Subsequent visits to wineries across the globe expanded my knowledge. I visited the Okanagan wine country in British Columbia, Canada, where the vineyards were particularly known for their Merlots and Pinot Noirs. What the vintners did with their grapes here was leaving it on the vine long enough for the sugar to naturally form during the winter months, when the grapes actually froze to the consistency of glass marbles. The wine they produced was the sweetish Ice Wine that Canada is today world-renowned for. The Summerhill Winery I visited in Kelowna there had constructed an actual pyramid, under which they aged most of their wine, claiming that the centre of energy the structure created was in some ways responsible for the magic behind their blend.

As the years passed, my brother trained himself to become a sommelier when he was working with the Four Seasons at the Beverly Wilshire Hotel in LA. In him, I now had an endless encyclopedia of wine-facts that I could readily access whenever the mood to do so arose. We visited Napa Valley together, where I marvelled at the amount of art The Hess Collection had on its walls. This was also the first place I saw my first Francis Bacon painting (a triptych of the same artist recently sold at auction for US$ 84.6 million at Sotheby’s) and was introduced to the famous Laughing Man series by Chinese painter Yue Minjun. The tour of the collection culminated in a long-drawn wine and food pairing where my tea-totalling parents found themselves palming off their drinks to my brother and I.

Like other wine-lovers, I too watched Somm 1 and 2, followed by Red Obsession on Netflix. Docuseries on wine became favourites, Sour Grapes was one such movie that showed the story of Wine conman Rudy Kurniawan. An Indonesian crook who sold counterfeit wine worth millions to billionaires across America, including even industrialist Bill Koch. Something about wine traps a man’s imagination and lets him float free for just a few hours; I concluded post all this entertaining research. Further trips to Hunter Valley in Australia and Stellnbosch in South Africa only cemented my understanding of the subject. On the bucket list next are the regions of France and Italy, maybe someday when travelling is kosher again.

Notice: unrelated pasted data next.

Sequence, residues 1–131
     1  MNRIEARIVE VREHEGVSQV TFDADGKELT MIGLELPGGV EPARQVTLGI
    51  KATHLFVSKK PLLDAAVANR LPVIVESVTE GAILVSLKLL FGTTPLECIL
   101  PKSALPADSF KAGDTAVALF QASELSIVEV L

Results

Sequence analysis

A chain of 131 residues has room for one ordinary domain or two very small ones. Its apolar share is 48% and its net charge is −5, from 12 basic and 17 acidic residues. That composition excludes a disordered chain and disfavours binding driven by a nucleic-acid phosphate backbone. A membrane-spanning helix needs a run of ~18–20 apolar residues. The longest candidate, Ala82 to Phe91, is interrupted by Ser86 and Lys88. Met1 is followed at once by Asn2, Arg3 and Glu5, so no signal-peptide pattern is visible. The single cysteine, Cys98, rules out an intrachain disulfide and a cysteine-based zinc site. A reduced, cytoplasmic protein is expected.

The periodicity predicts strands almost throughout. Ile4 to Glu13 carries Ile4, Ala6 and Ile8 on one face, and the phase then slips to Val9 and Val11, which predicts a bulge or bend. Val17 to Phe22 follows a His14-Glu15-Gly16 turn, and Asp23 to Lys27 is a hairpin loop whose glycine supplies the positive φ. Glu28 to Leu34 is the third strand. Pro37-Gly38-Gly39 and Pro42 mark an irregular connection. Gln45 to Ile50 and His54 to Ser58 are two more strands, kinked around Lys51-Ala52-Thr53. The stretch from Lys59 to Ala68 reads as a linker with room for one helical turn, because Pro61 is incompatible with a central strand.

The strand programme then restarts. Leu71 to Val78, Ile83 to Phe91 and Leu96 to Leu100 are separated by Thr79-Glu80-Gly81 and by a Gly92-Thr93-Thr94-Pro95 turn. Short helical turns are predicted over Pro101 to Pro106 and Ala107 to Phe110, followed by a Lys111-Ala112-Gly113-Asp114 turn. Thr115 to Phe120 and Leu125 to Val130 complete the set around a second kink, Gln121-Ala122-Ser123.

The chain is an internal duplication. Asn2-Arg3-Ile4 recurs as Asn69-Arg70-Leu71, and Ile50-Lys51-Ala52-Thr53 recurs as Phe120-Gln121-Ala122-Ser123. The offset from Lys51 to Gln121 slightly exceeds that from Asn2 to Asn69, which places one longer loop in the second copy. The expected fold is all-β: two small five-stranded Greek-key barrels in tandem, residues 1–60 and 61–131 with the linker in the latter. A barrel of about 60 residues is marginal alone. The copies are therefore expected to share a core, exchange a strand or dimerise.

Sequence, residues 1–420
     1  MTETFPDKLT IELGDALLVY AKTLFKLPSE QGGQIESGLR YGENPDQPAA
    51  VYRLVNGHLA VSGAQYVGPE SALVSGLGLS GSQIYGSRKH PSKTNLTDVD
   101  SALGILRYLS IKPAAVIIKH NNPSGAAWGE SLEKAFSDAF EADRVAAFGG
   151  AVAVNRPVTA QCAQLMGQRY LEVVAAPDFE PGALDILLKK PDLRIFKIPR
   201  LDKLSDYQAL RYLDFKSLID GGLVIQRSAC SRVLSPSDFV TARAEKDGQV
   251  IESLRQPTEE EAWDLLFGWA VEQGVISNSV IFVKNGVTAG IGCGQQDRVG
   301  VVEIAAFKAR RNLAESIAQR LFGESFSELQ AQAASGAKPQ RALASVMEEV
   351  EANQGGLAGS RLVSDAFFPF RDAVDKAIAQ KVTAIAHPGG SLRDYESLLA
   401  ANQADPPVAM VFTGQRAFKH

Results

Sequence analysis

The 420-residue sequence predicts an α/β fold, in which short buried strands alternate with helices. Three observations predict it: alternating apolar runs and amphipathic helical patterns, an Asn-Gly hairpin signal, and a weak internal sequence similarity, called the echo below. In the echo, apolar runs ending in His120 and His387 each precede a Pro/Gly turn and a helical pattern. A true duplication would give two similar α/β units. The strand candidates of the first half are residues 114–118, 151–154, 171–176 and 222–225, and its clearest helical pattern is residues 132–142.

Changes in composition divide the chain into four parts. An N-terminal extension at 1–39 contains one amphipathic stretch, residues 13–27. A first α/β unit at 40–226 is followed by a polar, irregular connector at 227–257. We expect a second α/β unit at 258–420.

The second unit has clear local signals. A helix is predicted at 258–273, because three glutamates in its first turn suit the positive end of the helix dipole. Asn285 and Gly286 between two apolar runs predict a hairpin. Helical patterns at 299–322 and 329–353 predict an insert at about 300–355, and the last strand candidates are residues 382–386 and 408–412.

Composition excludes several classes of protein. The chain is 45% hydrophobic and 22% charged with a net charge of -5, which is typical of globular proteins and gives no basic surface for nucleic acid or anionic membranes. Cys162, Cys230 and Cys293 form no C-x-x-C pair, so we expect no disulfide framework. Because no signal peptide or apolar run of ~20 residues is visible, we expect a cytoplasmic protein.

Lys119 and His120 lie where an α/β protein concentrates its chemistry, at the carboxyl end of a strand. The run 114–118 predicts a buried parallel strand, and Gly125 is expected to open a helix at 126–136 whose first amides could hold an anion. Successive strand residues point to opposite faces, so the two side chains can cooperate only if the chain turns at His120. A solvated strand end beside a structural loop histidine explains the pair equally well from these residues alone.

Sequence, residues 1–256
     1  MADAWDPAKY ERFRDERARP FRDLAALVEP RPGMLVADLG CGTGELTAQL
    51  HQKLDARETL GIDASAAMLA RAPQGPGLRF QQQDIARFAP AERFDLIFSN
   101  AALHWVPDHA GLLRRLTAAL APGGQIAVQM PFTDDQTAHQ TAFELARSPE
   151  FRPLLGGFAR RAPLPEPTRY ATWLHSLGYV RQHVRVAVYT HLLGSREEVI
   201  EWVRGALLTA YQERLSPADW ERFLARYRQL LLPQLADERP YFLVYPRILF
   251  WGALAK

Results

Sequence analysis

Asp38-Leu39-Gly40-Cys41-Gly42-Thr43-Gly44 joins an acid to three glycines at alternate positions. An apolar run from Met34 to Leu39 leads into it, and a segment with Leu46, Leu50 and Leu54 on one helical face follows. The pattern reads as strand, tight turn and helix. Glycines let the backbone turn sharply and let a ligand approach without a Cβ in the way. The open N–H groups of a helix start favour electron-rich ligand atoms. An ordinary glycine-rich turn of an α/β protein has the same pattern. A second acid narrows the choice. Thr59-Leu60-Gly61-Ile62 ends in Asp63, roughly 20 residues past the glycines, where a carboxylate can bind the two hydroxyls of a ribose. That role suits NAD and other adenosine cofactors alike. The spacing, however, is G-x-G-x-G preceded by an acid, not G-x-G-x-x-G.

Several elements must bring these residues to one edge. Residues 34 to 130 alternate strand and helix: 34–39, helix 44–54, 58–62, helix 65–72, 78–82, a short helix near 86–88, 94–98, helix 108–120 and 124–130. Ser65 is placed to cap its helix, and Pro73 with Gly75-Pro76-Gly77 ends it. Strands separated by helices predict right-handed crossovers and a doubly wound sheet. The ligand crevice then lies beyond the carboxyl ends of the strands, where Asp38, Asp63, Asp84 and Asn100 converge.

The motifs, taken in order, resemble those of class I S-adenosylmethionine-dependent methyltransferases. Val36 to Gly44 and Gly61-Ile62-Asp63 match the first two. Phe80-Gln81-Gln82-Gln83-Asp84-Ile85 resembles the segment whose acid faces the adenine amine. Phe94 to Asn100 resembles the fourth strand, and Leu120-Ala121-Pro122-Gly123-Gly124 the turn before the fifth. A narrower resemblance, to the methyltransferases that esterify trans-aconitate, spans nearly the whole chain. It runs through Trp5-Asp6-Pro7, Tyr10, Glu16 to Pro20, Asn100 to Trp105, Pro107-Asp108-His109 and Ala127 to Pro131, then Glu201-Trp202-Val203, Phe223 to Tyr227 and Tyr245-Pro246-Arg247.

It was with all this baggage in my mind that I found a red that has me currently in its grip. A blend from France, this particular bottle has a black sheep on its label that’s written entirely in English (a sure shot way to label a bottle of wine for the export market claims my brother). This wine, which I shall leave nameless to avoid any commercial endorsement, was found at one of our fancy liquor marts in Jubilee Hills. Nothing overly spectacular in terms of taste, it can magically transport me into a state of euphoric happiness, forgetting all the woes of corona and the drudgery that comes along with it. Which, in the end, is the true magic of wine – an instant pick-me-up that is what the doctor has ordered for now.      -- Vishwaveer